I probably don’t have to explain Jo Walton’s singular new novel, Among Others, by now. If I do, in brief, it is the journal and reading diary of a fifteen-year-old girl who, after a series of traumatic events that left her twin sister dead and herself lame, has found a physical refuge in a girl’s boarding school, and a spiritual refuge in books, particularly SF. Which makes it sound mundane, except that Mor speaks to fairies—and not the Disneyfied, sentimentalized version, but the original wild spirits of wood, earth, and stone—works magic, and she and her sister sacrificed themselves to save the world. This is about the aftermath. It’s set in England in 1979-1980, and as someone who fell into SF while a teenager at a girl’s school in Scotland in the 70s, I really looked forward to the evocation of the time and the place.
I got that, and more. One of the unique aspects about the book was how well it portrays a young mind bursting out in all directions. I’d largely forgotten about that experience of intellectual flowering, of being in possession of an adult vocabulary and intellectual capacity, not to mention the toolkit that comes with a decent education, and being let loose with a fistful of library tickets to go romping through the best works of kindred and strange minds. I don’t think I ever found that experience—which has to be one of the best parts of adolescence, up there with the creative experimentation that goes with all those discoveries—portrayed in mainstream fiction—and how I snickered when when I read Mor’s caustic comments on Teen Problem Novels, because that is exactly what I thought, even then [i]. SF was a wonderful liberation from the mandated dreariness of adolescence. (I wonder if the experience gets encoded in SF and fantasy in the form of the emergence of psionic powers or magic . . . a topic for another time.)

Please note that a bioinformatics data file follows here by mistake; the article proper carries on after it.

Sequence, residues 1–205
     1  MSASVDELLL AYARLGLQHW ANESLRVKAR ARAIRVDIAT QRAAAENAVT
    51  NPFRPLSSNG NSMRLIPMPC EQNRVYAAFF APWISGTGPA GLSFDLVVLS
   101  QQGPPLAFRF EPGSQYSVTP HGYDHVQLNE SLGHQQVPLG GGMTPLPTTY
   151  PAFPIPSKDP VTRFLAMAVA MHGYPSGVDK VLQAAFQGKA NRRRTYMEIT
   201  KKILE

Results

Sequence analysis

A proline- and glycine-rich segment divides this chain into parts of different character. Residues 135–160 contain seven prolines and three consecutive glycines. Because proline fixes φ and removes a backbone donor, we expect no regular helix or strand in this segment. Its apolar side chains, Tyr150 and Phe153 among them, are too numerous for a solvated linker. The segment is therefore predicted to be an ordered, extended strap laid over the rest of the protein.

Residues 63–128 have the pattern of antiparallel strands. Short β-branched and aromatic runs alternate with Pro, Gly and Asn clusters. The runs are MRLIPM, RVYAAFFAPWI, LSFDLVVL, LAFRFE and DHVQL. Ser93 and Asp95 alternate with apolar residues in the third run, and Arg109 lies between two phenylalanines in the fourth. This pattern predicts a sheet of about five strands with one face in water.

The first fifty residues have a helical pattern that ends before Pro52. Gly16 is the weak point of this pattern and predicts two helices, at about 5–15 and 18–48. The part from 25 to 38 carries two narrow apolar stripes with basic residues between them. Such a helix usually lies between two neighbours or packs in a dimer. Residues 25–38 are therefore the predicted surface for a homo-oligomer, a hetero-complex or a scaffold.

The portrait of a character and a mind being formed by reading also made something go click in a way that hadn’t before: Reading is experience, as opposed to being a way of avoiding experience, or an inadequate replacement for it, a cultural assumption that I’d accepted (though not without resistance) for years [ii]. And because Mor absorbs her reading into her experience, on a number of occasions she simply says, “Oh, that”, and carries on, proceeding by the map her reading has laid out. Which in a couple of instances made me wince, and in others, laugh—pity the teenage lout who encounters a girl versed in Heinlein. Well, that was a laugh and wince, in sympathy.
And what about the magic? For myself as an SF/F reader, reading by a SF/F protocol, there’s no doubt: there’s magic. I like the magic, the subtlety of it, the way it merely leans on the possible. Having bounced off the endings of fantasy novels aimed at young readers (Silver on the Tree, The Last Battle), I like Mor’s explanation as to why she thinks that she will do less magic as she matures. Yet the very subtlety of the magic, makes it, as Mor says herself more than once, “deniable”. Mor has the hallmarks of reliability: she’s not a “fanciful” person; she might see fairies and ghosts, sense and work magic, yet she likes chemistry and physics, and would like maths if it would but like her back. She self-consciously challenges the putative reader’s skepticism only once, at the end of the first section of the book, unlike most first person unreliable narrators, who do so repeatedly. She’s prickly—I suspect Mor and (prickly!) fifteen-year-old me might not have got on—and sometimes brusque in her judgements, but deeply grounded and thoughtful, and has moved far beyond a self-centered view of right and wrong. Nevertheless, switch off the SF reader’s protocol, take a quarter turn, and consider the book from that angle, disbelieving in the magic, and the book still works as a study of a young woman’s imaginative response to loss. Which is another unique, and very neat, thing about it.
[i] I decided Teen Problem Novels were a product of cultural reaction against the teenage years of the the baby boom. Twentysomething boomers were embarrassed by adolescence, the rest of the culture was burned out on it, and nobody had anything good to say about it.
[ii] A few years after I discovered SF, I discovered feminism, and Joanna Russ provided me with a workable explanation as to the whole experience issue, which had preoccupied at least two generations of women writers before me (Mansfield, Plath, Russ herself): setting up ‘experience’ as a prerequisite, and certain kinds of experience at that, was another strategy that condemned women writers to insignificance. Worked for me for years, but I like this one better.